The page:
The Who: At Kilburn 1977


I’ve always known that the Beatles are rock’s greatest band. There’s no denying it. But I do have to wonder why I question that every time I listen to the Who. I think it’s because the Beatles made rock music what it is, but the Who actually embodied it like no one else. (The Clash is probably the only band that I think of in the same way). The two shows on this DVD are a lot like hearing that stutter in "My Generation" or the huge guitar of "Baba O’Reilly" for the first time. It’s just great rock n roll in its purest, most deliberate form.

By the time of the Kilburn show, the Who had an incredible catalog with which to build a great show. By the time they’ve amassed this kind of material, most bands have been at it too long and lost too much of their hunger to deliver on their own greatness, but nothing could be further from the truth about the Who. They come off a year-long hiatus and yet, other than the recording quality, they sound like they’d spent that year pounding out these songs in a garage, not relaxing on the fruits of their labors. "My Generation" gets reworked, but everything here feels as fresh and new just on the electricity alone. Interestingly enough, this came the same year punk exploded and I can’t help thinking that punk may not have been necessary had other bands been playing it like the Who, with wild, reckless abandon and the heart of kids. I know, that’s two bold statements in one review, but I don’t make them lightly.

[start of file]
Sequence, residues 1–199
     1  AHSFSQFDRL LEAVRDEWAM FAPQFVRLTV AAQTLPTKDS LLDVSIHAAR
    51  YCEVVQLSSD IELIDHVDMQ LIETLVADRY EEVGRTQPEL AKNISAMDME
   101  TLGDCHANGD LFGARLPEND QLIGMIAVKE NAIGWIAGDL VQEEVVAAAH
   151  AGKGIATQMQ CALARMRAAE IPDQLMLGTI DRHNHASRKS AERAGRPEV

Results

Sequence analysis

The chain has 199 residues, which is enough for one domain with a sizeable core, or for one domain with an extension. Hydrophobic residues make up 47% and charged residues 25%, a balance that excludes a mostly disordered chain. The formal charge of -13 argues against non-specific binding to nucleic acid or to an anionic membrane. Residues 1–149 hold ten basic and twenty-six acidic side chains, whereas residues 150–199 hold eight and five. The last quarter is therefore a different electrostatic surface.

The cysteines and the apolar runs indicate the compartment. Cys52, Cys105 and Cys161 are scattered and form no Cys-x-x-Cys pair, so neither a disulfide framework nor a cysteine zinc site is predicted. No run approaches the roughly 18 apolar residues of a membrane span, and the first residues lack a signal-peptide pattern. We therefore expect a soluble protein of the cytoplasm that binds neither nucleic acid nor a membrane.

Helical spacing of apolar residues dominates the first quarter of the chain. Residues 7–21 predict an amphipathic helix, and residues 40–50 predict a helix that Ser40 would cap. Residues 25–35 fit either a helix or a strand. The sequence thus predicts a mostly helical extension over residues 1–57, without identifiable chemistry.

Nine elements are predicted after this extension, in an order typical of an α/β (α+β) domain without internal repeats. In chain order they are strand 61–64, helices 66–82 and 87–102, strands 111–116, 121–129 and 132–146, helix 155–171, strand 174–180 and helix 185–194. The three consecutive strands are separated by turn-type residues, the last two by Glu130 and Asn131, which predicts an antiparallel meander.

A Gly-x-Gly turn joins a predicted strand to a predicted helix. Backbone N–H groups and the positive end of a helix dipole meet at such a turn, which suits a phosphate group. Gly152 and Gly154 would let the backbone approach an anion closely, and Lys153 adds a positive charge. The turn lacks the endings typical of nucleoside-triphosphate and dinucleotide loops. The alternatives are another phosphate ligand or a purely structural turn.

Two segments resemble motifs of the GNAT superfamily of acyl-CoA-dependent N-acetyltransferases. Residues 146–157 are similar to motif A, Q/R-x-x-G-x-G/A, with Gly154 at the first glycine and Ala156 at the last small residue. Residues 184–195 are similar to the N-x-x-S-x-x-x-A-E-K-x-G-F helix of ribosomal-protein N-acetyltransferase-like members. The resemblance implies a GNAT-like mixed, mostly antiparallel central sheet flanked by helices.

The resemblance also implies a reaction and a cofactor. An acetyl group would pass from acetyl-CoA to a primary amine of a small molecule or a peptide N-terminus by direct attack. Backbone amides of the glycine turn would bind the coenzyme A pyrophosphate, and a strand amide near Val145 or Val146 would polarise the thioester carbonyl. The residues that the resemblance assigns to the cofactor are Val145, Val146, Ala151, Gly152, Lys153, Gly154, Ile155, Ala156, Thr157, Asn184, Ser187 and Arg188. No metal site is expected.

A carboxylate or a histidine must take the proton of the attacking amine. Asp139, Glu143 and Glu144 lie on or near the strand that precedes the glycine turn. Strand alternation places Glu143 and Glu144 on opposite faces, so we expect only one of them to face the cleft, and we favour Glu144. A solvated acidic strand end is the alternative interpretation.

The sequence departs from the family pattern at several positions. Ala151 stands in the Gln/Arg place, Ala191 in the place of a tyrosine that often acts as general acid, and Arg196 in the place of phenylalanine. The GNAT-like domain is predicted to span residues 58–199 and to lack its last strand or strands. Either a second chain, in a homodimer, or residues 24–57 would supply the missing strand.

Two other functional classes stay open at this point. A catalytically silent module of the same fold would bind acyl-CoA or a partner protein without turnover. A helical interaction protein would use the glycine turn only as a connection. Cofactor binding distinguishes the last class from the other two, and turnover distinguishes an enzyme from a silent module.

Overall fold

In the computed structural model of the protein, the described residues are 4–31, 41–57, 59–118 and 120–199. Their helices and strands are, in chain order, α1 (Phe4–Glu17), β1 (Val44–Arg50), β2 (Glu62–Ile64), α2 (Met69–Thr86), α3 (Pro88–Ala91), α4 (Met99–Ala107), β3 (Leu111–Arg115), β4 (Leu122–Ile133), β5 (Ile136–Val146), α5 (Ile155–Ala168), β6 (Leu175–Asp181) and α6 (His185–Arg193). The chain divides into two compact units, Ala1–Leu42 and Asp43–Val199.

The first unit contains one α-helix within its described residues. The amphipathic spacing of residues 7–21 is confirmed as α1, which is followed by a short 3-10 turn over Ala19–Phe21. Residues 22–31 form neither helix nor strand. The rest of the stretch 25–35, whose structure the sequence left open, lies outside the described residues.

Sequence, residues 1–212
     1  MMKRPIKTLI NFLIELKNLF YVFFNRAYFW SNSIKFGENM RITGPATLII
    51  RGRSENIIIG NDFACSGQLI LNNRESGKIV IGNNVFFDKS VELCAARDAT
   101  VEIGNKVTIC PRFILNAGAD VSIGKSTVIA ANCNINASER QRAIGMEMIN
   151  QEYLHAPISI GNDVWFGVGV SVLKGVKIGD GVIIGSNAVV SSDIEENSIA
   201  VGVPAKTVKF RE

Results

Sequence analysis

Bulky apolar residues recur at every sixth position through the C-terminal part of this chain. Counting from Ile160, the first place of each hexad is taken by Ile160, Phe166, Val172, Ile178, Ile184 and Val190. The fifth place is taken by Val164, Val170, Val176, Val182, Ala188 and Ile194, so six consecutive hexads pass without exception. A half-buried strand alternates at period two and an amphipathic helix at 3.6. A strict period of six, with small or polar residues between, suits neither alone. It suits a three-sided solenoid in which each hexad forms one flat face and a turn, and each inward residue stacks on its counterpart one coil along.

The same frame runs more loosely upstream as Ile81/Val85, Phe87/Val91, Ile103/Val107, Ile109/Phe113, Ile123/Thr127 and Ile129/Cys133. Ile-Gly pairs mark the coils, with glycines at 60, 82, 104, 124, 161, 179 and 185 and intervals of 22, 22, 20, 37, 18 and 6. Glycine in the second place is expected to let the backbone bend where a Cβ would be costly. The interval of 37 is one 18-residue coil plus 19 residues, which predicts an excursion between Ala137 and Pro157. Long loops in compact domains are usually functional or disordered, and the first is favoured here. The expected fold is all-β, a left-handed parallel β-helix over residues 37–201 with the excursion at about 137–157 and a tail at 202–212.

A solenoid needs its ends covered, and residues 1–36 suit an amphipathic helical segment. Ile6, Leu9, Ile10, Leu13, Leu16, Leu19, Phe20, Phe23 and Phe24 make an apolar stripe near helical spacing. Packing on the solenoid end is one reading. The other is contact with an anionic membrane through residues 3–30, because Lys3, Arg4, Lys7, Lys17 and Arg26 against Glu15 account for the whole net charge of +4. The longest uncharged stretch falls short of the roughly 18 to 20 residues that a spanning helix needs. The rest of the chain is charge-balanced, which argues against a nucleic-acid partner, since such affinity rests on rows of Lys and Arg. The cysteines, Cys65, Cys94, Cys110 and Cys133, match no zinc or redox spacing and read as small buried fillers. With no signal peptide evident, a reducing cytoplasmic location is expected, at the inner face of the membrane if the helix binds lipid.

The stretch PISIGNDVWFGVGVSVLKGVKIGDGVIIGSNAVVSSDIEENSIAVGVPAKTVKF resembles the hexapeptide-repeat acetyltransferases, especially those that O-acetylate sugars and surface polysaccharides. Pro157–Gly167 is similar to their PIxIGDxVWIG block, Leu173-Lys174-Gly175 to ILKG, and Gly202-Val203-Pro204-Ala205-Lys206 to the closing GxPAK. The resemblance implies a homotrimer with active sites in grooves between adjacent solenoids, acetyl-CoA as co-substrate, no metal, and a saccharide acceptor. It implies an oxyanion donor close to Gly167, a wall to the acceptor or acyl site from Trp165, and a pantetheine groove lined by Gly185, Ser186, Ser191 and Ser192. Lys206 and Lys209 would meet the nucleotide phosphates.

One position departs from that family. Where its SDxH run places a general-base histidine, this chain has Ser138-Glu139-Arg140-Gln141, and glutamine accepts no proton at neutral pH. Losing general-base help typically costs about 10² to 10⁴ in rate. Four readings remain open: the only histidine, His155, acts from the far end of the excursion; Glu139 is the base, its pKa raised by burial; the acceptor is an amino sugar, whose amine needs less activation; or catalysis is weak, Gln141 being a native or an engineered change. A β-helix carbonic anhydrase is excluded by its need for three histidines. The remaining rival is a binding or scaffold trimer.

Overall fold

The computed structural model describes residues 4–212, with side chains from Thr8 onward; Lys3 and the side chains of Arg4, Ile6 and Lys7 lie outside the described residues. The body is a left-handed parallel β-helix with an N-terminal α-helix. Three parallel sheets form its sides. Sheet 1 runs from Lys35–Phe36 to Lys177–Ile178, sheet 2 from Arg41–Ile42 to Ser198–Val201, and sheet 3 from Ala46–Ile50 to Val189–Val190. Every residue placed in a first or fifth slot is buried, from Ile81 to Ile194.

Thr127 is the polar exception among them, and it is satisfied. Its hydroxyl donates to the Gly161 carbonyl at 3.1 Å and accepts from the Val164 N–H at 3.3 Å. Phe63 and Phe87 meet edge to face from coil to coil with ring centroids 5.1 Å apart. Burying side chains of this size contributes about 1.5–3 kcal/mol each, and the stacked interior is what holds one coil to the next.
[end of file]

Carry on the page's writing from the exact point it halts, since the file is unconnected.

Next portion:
You’ll watch the Kilburn show and think, "Man, this is one of rock’s greatest bands at the peak of their power!" Then, throw in disc two and wonder, "How could they have been at their peak in 1969 also?" The answer is simple though. The Who never lost their sense of what their music was about and who it was for. They just stayed that good. Neither the video nor the audio for the earlier show is as good as it was eight years later for the Kilburn show, but somehow it gives an even better sense of how loud the world’s loudest band was. You could turn the volume down to a whisper and there’s still a very tangible sense that it’s just LOUD.

Who is rock’s greatest band? It might be almost unfair to answer right after watching this one.

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